Ask a Travel Nerd: Are Airport Lounges Overrated?

These lounges might be victims of their own success. Here's how to cope.
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Written by Sam Kemmis
Senior Writer
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Assistant Assigning Editor
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I’ll admit, I used to feel a little smug while walking into an airport lounge. Exiting the chaos of the main terminal for the peaceful, snack-filled serenity of the lounge made me feel like I had figured it all out.

These days: Not so much.

I hurriedly ate my food while standing in a corner and fled for the relative peace of the terminal.

I visited the American Express Centurion Lounge during my last visit to Dallas-Fort Worth International Airport and had to wait 30 minutes to get in. By the time I was granted entry and had waited in a snaking line for my (admittedly decent) food, I couldn’t find a seat in the lounge. Bedraggled passengers had spread themselves out over multiple chairs, creating makeshift forts with their suitcases and jackets in a desperate attempt to sleep.

It felt more like a disaster zone than an exclusive club.

Yes, crocodile tears for the poor travel writer who can’t eat his kale salad peacefully. But the point is: The secret is out on travel lounges. Are they even still worth the hype?

Overcrowding problems

Airport lounges are struggling under the weight of their success. Among frequent travelers, 57% visit airport lounges at some point in their travels, according to a 2022 survey of more than 8,500 air travelers by Airport Dimensions, a shared-use airport lounge creator and operator.

And, while new lounges are frequently opening, supply hasn’t kept up with demand. Priority Pass — an airport lounge subscription included with many premium travel credit cards — used to mean subscribers could access these lounges around the world. Now, especially at U.S. lounges, “No Priority Pass” signs are a dreaded and common feature of many check-in desks.

According to the same Airport Dimensions survey, 30% of travelers who access an airport lounge do so with a subscription like Priority Pass. That’s more than the 25% who get it through their airline ticket (i.e., first- and business-class fares) and the 19% who get it from their elite airline status level.

Lounges are taking steps to mitigate these crowds. American Express Centurion Lounges recently amended the guest policy, effectively making it harder to bring in multiple guests using the same account. And Delta Sky Clubs now limit visits to three hours unless you’re in a connecting city.

Still, these are ad-hoc solutions that don’t address the core problem: More people want into these lounges, and not enough exist. Delta even has an FAQ on its Sky Club page, reading, “Why are Clubs so crowded these days?”


Are lounges worth it?

If you thought last year’s travel landscape was bleak, this summer could be even worse. Already, only 76.9% of flights arrived on time between January and March of this year, according to the U.S. Department of Transportation (up from 76.4% in the same period from 2022).

That means many travelers are missing connections, waiting for delays and desperately seeking a quiet corner to munch on their airport grub.

Of course, whether airport lounges are worth it depends on how you’re accessing them. Here’s how I think about it:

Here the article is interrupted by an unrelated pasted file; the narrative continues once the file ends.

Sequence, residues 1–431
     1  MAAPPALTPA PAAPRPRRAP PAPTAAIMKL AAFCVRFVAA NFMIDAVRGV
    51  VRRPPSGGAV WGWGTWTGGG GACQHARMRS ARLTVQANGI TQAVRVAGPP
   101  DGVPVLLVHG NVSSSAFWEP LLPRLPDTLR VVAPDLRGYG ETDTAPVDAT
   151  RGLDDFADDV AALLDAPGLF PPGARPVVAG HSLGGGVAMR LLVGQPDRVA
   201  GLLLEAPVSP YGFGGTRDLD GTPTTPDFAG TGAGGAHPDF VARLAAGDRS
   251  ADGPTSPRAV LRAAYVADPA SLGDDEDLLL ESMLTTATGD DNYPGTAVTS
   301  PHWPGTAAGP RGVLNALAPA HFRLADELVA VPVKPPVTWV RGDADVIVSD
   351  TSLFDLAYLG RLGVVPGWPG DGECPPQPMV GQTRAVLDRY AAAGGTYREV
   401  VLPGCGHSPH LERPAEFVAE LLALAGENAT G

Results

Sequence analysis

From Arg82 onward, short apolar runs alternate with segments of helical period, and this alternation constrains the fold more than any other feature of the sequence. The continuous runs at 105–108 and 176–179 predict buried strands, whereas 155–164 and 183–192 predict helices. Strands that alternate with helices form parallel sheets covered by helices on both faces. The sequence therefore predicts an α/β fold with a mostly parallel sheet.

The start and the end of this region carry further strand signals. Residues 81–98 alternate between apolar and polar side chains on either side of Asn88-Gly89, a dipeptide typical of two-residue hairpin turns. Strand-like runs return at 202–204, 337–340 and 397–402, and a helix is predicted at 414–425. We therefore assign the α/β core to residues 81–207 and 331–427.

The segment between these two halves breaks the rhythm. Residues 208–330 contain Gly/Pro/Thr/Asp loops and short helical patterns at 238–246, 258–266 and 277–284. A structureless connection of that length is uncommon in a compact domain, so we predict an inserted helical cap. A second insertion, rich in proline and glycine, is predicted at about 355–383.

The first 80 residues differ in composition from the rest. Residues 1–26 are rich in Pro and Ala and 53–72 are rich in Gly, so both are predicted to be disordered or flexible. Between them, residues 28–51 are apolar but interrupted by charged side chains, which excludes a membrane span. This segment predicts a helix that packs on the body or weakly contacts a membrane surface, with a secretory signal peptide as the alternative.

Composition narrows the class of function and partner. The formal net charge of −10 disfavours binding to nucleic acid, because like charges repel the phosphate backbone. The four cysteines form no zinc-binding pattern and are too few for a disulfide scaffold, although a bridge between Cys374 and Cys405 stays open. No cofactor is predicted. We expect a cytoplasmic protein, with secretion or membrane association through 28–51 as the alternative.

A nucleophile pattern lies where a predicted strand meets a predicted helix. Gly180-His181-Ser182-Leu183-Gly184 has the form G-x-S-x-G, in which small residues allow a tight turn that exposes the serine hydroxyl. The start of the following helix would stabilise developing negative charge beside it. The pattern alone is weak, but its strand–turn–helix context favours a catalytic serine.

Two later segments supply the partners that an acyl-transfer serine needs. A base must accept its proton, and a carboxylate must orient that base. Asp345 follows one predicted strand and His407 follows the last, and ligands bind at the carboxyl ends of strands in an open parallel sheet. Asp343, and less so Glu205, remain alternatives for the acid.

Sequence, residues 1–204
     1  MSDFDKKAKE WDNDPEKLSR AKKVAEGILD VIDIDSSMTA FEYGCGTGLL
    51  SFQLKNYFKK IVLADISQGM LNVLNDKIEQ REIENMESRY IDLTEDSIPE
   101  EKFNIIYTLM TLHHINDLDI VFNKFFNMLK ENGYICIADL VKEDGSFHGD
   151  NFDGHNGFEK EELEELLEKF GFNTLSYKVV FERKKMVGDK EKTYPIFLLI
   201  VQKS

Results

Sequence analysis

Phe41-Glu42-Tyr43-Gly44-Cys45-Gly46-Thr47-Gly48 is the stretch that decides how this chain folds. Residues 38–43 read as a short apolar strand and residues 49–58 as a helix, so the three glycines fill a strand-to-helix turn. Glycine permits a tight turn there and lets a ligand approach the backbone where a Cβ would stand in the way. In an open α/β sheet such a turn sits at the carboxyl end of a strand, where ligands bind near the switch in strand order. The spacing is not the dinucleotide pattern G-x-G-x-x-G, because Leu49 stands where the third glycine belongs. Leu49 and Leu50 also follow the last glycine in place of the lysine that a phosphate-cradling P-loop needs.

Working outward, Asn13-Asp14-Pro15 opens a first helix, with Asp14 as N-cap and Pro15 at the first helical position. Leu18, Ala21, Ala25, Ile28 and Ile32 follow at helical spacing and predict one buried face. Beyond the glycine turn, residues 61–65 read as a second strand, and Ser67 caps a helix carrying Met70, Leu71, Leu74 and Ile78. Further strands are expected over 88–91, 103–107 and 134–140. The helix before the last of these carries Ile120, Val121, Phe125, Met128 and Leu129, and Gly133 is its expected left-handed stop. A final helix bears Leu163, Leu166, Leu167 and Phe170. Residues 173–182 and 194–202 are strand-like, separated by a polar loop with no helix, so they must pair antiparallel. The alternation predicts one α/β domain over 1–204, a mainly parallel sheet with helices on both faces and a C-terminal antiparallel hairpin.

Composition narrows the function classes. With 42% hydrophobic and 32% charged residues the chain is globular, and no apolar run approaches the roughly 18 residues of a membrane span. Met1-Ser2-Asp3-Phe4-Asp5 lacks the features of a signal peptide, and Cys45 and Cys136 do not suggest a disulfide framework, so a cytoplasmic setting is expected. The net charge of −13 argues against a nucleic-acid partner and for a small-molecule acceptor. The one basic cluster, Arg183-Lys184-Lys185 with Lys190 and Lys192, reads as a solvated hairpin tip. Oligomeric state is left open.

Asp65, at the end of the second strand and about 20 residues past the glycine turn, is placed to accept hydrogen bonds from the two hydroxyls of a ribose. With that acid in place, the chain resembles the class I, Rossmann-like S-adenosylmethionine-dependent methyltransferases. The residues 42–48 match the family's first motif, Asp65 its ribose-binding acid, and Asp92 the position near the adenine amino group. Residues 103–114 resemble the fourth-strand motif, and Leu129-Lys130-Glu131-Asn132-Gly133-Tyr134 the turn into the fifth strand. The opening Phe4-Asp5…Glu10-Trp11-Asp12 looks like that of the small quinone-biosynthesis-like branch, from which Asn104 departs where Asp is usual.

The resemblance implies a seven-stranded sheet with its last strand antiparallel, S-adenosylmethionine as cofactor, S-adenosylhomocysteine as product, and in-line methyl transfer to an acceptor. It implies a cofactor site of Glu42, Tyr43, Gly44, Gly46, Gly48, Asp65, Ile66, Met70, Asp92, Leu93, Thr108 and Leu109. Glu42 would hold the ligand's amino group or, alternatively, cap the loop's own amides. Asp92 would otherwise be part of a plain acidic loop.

• Paying to enter: Rarely makes sense. A one-day pass to an American Airlines Admirals Club costs $79, for example. That’s a lot of cheese for some crackers and cheese.

  • Using an elite status or fare class benefit: A no-brainer. If airlines give you something for free, always take it (even if you don’t like cookies).

  • Getting a credit card for the lounge access: Tricky. Because these lounges will be available to anyone with the same card, they will likely be crowded almost by default. Lounge access should be a nice add-on benefit, not the main reason for getting a card.

And then there’s the squishy question of personal preferences. For example, I don’t drink alcohol, so I always feel like I’m getting a little short-changed on my lounge visits. No amount of iced tea makes me feel like I’m getting my money’s worth.

The real benefit for me is peace and quiet and somewhere to work productively. So if lounges are packed or full of screaming kids, they’re worse than an empty gate.

What I’m saying is this: Someone who likes noisy dive bars will love airport lounges.

The airport terminal could do better

The real problem isn’t crowded lounges. It’s how inhumane the airport itself can be (though charming airports do exist).

One of the biggest problems is noise pollution. We take it for granted that blaring, airport-wide announcements are made every few minutes. In fact, one of the most enjoyable aspects of stepping into a lounge is the lack of these announcements.

But it doesn’t have to be like this. Several airports, primarily in international cities, are embracing the idea of a “silent airport,” where announcements and other interruptions are less frequent. You can test this in the U.S. if you fly out of San Francisco International Airport.

Cutting noise won’t turn every packed gate into an earthly paradise, but it highlights how easy it would be to make airports less harrowing and lounges less (relatively) appealing.

I won’t hold my breath for that day, but I won’t be renewing my lounge-granting credit cards next year, either. I don’t need to pay money to wait in line.

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